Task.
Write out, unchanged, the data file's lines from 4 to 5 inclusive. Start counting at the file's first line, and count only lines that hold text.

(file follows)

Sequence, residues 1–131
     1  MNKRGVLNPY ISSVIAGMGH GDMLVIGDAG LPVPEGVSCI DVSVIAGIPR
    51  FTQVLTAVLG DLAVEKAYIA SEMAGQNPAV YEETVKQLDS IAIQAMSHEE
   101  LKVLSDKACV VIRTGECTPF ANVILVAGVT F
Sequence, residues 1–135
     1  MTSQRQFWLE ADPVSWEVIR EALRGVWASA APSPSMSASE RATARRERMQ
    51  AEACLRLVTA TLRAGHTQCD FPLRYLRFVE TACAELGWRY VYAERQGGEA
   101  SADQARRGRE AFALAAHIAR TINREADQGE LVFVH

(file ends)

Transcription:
   101  LKVLSDKACV VIRTGECTPF ANVILVAGVT F
Sequence, residues 1–135